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I am so lonely,
I am so sad,
Speak one word only
To make my heart glad,
Pass not in silence,
For silence is scorn,
I am so wretched,
Unloved, and forlorn.


In darkness sorrow
I think through the night
That each coming morrow
Brings thee to my sight
As a star sent to brighten
My gloom with a beam;
And I fall asleep ever
With these for a dream.

I know it is madness
Thus fondly for me
To cheat my life's sadness
With dreaming of thee.


Unanswered Prayers

Like some school master, kind in being stern,
Who hears the children crying o’er their slates
And calling, “Help me master! ” yet helps not,
Since in his silence and refusal lies
Their self-development, so God abides
Unheeding many prayers. He is not deaf
To any cry sent up from earnest hearts,
He hears and strengthens when He must deny.
He sees us weeping over life’s hard sums
But should He give us the key and dry our tears
What would it profit us when school were done
And not one lesson mastered?


Una

In the whole wide world there was but one,
Others for others, but she was mine,
The one fair woman beneath the sun.

From her gold-flax curls' most marvellous shine
Down to the lithe and delicate feet
There was not a curve nor a waving line

But moved in a harmony firm and sweet
With all of passion my life could know.
By knowledge perfect and faith complete

I was bound to her, as the planets go
Adoring around their central star,
Free, but united for weal or woe.


Two Infants II

A prince stood on the balcony of his palace addressing a great multitude summoned for the occasion and said, "Let me offer you and this whole fortunate country my congratulations upon the birth of a new prince who will carry the name of my noble family, and of whom you will be justly proud. He is the new bearer of a great and illustrious ancestry, and upon him depends the brilliant future of this realm.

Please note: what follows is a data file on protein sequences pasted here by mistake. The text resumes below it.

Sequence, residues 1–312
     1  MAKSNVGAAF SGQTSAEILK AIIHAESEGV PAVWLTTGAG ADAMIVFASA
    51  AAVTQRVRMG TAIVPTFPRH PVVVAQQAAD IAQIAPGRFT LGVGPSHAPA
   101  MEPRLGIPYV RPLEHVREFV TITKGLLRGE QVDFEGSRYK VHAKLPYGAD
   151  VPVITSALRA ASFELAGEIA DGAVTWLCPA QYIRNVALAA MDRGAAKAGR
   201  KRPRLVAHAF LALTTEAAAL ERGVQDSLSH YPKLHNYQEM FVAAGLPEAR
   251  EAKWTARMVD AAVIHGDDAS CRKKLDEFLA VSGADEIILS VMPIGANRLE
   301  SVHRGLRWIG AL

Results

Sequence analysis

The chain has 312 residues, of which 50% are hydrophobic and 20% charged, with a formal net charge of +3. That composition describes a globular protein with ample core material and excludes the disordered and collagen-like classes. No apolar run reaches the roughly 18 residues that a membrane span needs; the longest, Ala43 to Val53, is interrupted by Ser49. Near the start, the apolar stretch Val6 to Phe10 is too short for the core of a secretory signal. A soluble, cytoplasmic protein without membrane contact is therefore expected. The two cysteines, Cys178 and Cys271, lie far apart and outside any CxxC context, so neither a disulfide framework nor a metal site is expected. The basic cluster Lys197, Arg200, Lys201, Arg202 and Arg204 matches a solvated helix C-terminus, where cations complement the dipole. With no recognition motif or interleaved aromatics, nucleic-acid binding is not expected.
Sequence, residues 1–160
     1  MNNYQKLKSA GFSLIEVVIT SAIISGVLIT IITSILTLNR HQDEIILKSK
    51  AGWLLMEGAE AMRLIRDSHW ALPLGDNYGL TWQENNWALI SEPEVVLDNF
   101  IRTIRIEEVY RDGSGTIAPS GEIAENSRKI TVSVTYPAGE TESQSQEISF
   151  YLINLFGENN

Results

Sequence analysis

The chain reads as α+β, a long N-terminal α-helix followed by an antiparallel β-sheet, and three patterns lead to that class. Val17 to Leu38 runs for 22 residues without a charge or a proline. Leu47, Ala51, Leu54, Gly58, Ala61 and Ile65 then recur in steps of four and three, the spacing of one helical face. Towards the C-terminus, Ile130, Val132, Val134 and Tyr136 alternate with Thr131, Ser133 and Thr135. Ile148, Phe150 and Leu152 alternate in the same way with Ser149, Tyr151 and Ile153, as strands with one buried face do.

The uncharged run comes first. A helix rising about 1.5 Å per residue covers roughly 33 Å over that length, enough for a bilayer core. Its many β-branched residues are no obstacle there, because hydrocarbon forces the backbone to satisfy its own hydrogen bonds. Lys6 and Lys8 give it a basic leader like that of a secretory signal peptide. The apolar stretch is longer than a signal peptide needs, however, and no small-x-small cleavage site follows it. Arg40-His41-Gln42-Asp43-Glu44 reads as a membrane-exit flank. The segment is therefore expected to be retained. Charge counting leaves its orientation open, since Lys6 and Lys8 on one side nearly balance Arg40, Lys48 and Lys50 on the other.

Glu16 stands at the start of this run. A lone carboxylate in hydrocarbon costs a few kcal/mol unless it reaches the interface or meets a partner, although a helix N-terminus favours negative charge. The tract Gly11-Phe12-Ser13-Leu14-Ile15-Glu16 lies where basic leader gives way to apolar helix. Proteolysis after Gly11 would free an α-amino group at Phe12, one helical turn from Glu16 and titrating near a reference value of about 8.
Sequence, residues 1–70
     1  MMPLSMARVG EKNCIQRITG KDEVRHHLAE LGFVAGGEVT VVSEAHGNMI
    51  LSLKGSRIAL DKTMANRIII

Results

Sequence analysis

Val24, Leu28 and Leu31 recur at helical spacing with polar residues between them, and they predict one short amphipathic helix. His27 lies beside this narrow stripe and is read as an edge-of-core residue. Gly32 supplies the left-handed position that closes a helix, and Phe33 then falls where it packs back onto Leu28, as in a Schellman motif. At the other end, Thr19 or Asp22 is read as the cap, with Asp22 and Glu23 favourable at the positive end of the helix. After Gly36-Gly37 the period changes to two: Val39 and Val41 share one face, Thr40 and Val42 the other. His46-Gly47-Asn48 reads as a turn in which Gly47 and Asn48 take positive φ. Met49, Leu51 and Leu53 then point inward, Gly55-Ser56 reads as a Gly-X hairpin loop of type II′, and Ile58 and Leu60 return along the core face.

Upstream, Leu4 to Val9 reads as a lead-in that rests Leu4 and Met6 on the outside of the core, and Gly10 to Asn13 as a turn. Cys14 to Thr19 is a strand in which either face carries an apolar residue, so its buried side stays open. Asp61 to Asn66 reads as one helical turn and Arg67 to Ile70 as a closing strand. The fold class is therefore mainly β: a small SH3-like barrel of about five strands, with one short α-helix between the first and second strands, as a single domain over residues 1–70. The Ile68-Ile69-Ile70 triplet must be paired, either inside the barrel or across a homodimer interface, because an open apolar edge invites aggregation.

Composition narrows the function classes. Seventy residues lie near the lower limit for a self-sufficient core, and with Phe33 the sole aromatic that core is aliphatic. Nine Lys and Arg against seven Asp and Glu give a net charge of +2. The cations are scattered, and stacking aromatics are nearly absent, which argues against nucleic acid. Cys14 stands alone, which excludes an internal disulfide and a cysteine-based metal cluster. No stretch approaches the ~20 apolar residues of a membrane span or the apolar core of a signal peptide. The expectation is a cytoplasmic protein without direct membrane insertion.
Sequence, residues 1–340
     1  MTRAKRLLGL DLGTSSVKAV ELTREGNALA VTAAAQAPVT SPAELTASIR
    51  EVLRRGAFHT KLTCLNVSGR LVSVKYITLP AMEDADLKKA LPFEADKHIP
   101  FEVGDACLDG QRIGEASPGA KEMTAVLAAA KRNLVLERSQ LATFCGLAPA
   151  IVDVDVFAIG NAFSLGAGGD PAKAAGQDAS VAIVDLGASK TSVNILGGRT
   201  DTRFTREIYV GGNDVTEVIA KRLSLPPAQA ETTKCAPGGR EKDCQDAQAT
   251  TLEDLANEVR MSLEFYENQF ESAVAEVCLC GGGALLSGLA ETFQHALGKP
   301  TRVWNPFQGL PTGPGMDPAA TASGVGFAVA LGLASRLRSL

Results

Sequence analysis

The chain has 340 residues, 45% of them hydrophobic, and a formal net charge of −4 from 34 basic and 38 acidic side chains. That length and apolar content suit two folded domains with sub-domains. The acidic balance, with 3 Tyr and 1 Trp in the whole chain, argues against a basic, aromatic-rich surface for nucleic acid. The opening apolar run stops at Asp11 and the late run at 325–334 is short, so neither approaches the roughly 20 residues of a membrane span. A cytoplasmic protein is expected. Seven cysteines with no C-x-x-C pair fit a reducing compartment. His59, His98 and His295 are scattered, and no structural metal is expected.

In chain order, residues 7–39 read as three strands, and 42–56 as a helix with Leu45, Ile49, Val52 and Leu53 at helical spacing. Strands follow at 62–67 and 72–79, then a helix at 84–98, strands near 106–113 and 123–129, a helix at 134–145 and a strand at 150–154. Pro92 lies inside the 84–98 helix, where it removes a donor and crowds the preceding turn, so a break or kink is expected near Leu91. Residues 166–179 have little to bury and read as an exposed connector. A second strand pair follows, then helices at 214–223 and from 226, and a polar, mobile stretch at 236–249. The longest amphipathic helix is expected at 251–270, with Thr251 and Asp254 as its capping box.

Two Figures in Dense Violet Light

I had as lief be embraced by the portier of the hotel
As to get no more from the moonlight
Than your moist hand.

Be the voice of the night and Florida in my ear.
Use dasky words and dusky images.
Darken your speech.

Speak, even, as if I did not hear you speaking,
But spoke for you perfectly in my thoughts,
Conceiving words,

As the night conceives the sea-sound in silence,
And out of the droning sibilants makes
A serenade.

Say, puerile, that the buzzards crouch on the ridge-pole


Turns and Movies Dancing Adairs

Behold me, in my chiffon, gauze, and tinsel,
Flitting out of the shadow into the spotlight,
And into the shadow again, without a whisper!--
Firefly's my name, I am evanescent.

Firefly's your name. You are evanescent.
But I follow you as remorselessly as darkness,
And shut you in and enclose you, at last, and always,
Till you are lost,--as a voice is lost in silence.

Till I am lost, as a voice is lost in silence. . .
Are you the one who would close so cool about me?
My fire sheds into and through you and beyond you:


To The Rev. George Coleridge

Notus in fratres animi paterni.
Hor. Carm. lib.II.2.

A blesséd lot hath he, who having passed
His youth and early manhood in the stir
And turmoil of the world, retreats at length,
With cares that move, not agitate the heart,
To the same dwelling where his father dwelt;
And haply views his tottering little ones
Embrace those agéd knees and climb that lap,
On which first kneeling his own infancy
Lisp'd its brief prayer. Such, O my earliest Friend!
Thy lot, and such thy brothers too enjoy.


To Men

Sirs, when you pity us, I say
You waste your pity. Let it stay,
Well corked and stored upon your shelves,
Until you need it for yourselves.

We do appreciate God's thought
In forming you, before He brought
Us into life. His art was crude,
But oh, so virile in its rude

Large elemental strength: and then
He learned His trade in making men;
Learned how to mix and mould the clay
And fashion in a finer way.

How fine that skilful way can be
You need but lift your eyes to see;


To Posterity

1.

Indeed I live in the dark ages!
A guileless word is an absurdity. A smooth forehead betokens
A hard heart. He who laughs
Has not yet heard
The terrible tidings.

Ah, what an age it is
When to speak of trees is almost a crime
For it is a kind of silence about injustice!
And he who walks calmly across the street,
Is he not out of reach of his friends
In trouble?

It is true: I earn my living
But, believe me, it is only an accident.
Nothing that I do entitles me to eat my fill.


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